Workday Foreign Currency Revaluation Demystified
Does your company run Workday revaluation but you’re unclear about what it’s really doing? How can you be sure the results are accurate? At month end, revaluation is run, revaluation journals are posted, and the remaining period-close activities carry on. But how do you confirm revaluation picked up and revalued what it should have?
If you recently went live with Workday Financials, maybe you’ve run the Cash to Bank Account Reconciliation report and notice that the balances don’t seem quite right. You might think that perhaps revaluation isn’t calculating as expected. I’ve encountered more than one Financials customer who was unconvinced about the reliability of Workday’s revaluation calculations. Having investigated this, I’ve verified that Workday’s revaluation process is working, just as it should. For every case I’ve evaluated, the source of discrepancies has turned out to be conversion journals and revaluation is not to blame.
This post won’t go into the details of how to configure revaluation for your business. The Workday Community has good documentation to walk you through that – and more likely, your implementation partner has already configured it for you. This post is going to answer the question “What does Workday do when you run revaluation?”
First, let’s understand that the purpose of Workday’s revaluation function is to automate the posting of a journal to:
- Recalculate foreign currency amounts in your company ledger at period end.
- Record the gains and losses caused by fluctuating exchange rates since the transaction date.
Simplified Example of Revaluation of Accounts Receivable
Global Modern Services (GMS) processes a customer invoice on January 5 for 10,000 CAD. The exchange rate from CAD to USD on January 5 is .75. The recorded base amount for the invoice is 7,500 USD.
By month-end, January 31, the American dollar has become stronger, and the exchange rate drops to .70. The receivable is no longer worth 7,500 USD. If GMS were paid now, they would receive 7,000 USD. An unrealized loss of 500 USD is booked when the revaluation process is run at month end. Each transaction is evaluated for currency fluctuation between the transaction date and the period end date. The result is one journal entry (commonly a reversing journal) for the aggregated exchange gains and losses based on the revaluation rule or group selected. This example assumes YTD based entries. YTD (Balance) vs. Activity based entries are discussed in the next section.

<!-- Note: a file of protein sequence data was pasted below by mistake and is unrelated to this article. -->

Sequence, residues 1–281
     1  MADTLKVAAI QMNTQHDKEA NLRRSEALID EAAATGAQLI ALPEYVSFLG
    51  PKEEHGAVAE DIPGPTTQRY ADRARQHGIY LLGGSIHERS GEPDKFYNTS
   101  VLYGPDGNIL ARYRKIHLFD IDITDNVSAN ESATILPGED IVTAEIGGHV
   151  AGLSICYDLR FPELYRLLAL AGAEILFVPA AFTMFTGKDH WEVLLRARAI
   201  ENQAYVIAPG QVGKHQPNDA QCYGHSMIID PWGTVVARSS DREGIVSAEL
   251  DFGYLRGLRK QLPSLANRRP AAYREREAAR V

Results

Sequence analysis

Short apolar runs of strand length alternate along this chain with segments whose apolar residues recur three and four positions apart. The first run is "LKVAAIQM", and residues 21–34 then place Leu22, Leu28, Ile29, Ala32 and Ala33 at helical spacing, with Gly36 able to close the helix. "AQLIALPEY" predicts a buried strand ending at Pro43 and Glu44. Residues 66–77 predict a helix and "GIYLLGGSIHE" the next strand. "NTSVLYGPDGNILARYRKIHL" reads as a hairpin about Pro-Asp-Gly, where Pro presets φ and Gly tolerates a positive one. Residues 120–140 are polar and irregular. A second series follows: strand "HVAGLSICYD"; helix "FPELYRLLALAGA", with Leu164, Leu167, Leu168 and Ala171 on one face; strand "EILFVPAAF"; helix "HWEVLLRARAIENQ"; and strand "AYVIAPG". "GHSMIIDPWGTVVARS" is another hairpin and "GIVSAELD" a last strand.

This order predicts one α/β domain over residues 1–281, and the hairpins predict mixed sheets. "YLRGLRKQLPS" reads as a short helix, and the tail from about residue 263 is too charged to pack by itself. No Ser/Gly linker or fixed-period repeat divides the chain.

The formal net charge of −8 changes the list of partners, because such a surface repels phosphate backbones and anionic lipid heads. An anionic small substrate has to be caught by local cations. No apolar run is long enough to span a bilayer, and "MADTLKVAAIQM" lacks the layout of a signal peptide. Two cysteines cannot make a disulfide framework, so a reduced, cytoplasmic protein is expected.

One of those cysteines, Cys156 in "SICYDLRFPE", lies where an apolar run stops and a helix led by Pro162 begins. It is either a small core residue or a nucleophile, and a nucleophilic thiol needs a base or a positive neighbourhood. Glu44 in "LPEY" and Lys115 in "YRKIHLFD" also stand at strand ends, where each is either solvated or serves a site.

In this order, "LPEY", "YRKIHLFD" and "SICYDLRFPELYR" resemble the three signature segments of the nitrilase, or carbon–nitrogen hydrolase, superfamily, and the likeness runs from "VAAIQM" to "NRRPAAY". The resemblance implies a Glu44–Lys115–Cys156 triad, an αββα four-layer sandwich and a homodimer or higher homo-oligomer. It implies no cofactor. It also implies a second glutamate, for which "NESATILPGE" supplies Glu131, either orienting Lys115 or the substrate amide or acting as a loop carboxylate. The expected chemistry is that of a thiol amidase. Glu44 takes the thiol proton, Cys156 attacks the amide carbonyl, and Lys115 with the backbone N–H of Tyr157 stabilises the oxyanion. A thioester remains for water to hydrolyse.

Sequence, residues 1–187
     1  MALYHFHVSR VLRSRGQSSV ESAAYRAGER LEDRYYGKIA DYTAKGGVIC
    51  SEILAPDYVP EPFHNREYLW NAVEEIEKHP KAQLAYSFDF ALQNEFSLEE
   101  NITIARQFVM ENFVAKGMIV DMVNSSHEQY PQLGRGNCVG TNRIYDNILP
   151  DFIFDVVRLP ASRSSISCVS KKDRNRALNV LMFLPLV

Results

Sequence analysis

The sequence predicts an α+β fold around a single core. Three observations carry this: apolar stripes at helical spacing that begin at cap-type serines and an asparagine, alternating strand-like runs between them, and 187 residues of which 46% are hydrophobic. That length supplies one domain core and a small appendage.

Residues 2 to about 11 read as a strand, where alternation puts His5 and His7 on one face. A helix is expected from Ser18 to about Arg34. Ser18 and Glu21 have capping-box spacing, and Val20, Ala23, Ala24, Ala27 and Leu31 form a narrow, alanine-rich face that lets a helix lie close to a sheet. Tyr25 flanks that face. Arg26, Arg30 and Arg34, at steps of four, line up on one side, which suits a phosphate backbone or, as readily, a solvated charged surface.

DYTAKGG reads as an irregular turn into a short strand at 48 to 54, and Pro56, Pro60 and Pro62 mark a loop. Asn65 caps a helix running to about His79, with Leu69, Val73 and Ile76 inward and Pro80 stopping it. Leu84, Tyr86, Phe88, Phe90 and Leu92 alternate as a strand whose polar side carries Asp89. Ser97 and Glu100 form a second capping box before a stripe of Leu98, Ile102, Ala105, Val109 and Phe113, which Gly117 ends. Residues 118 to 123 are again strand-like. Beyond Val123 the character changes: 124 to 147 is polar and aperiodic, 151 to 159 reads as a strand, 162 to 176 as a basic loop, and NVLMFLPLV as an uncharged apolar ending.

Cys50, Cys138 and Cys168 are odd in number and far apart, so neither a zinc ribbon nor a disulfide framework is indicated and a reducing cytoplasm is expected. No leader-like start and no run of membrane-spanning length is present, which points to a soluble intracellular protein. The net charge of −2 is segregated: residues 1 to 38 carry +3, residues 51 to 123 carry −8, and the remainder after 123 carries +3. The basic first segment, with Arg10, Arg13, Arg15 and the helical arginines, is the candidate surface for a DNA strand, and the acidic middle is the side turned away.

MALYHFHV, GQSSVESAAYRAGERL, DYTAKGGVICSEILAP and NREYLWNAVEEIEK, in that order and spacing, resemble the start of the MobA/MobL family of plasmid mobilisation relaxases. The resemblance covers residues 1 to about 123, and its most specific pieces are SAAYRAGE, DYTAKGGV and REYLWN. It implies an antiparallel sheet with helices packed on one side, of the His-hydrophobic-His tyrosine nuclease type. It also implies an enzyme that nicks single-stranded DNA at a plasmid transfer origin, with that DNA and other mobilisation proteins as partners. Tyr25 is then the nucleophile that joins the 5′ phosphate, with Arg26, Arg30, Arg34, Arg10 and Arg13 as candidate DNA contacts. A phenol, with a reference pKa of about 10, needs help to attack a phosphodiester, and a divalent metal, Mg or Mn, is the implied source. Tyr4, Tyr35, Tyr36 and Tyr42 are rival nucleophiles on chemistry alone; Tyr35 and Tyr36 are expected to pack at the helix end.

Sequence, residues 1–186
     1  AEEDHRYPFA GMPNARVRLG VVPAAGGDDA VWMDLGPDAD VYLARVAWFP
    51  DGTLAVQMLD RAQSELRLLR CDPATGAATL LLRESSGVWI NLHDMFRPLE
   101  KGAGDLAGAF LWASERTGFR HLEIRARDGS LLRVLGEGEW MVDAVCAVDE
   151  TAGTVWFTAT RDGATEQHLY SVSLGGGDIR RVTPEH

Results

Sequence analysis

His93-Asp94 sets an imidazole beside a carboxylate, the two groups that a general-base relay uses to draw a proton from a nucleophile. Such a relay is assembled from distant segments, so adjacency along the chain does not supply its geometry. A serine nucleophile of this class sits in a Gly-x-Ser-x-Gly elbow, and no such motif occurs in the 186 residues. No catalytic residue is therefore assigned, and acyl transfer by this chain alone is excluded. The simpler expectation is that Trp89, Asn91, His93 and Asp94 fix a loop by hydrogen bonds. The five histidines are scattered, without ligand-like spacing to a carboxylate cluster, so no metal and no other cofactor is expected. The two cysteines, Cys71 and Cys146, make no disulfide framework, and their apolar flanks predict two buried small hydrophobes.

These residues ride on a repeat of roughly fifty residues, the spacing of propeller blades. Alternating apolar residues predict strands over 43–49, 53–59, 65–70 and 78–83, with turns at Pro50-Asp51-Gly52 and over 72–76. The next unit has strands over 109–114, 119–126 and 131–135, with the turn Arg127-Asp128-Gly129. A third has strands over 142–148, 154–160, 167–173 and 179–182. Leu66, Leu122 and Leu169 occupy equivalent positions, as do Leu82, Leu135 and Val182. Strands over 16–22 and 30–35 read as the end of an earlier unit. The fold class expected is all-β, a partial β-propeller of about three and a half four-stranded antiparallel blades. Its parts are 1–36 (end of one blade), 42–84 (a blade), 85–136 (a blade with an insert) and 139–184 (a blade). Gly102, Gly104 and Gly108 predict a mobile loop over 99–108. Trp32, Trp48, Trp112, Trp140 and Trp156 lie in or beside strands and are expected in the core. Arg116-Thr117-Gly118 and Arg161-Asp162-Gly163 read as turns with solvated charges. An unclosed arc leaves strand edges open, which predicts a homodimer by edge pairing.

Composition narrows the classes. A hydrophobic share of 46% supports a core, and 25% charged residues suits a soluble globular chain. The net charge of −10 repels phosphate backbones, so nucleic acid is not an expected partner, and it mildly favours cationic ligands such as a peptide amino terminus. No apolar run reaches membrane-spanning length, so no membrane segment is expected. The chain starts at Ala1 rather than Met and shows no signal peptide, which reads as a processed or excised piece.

When the invoice is paid, a realized gain or loss entry is booked at the time of payment and any non-reversed unrealized gain/losses are backed out the next time revaluation is run
Understanding Reversing vs. Non-Reversing Revaluation Entries
A common configuration question is should I opt-in for reversing entries? The difference between a reversing and a non-reversing entry is this: a reversing entry will post on a year to date (YTD) basis with a reversal journal on the first day of the next period and non-reversing entries post incremental changes each period.
Which option is preferred? The most common configuration is the following combination of settings for balance sheet accounts. If revaluing income statement accounts, choose Activity based entries.
Time Frame = Period
Balance or Activity =Balance
Create Reversal = Yes
Since Activity based entries are incremental for the specified time frame, they cannot be reversing entries. Likewise, Balance based entries should be reversing entries. The combination of Balance based and no reversals is an exception setting and available for use during the conversion process.
Verifying Revaluation Results
The Find Revaluations report is helpful to view which combination of company, rule, book code, and period has been run with a total amount, but it won’t provide details.
Which report will allow you to see the individual gains and losses that contribute to a revaluation entry? The Foreign Currency Revaluation report shows revalued balance sheet accounts for a ledger period end which are drillable to individual journal entries. From there, you can use Workday analytics to view by almost any dimension to help isolate and troubleshoot any discrepancy you are trying to resolve.
Workday revalues all accounts (as specified in the rules) that have a balance. This includes closed or conversion accounts that have balances in either ledger or transaction currency so be sure to clear balances on closed accounts.
Thank you for reading this post. I’m happy to answer any questions you might have related to Workday foreign currency revaluation and interested in hearing about any of your experiences that you may have to share.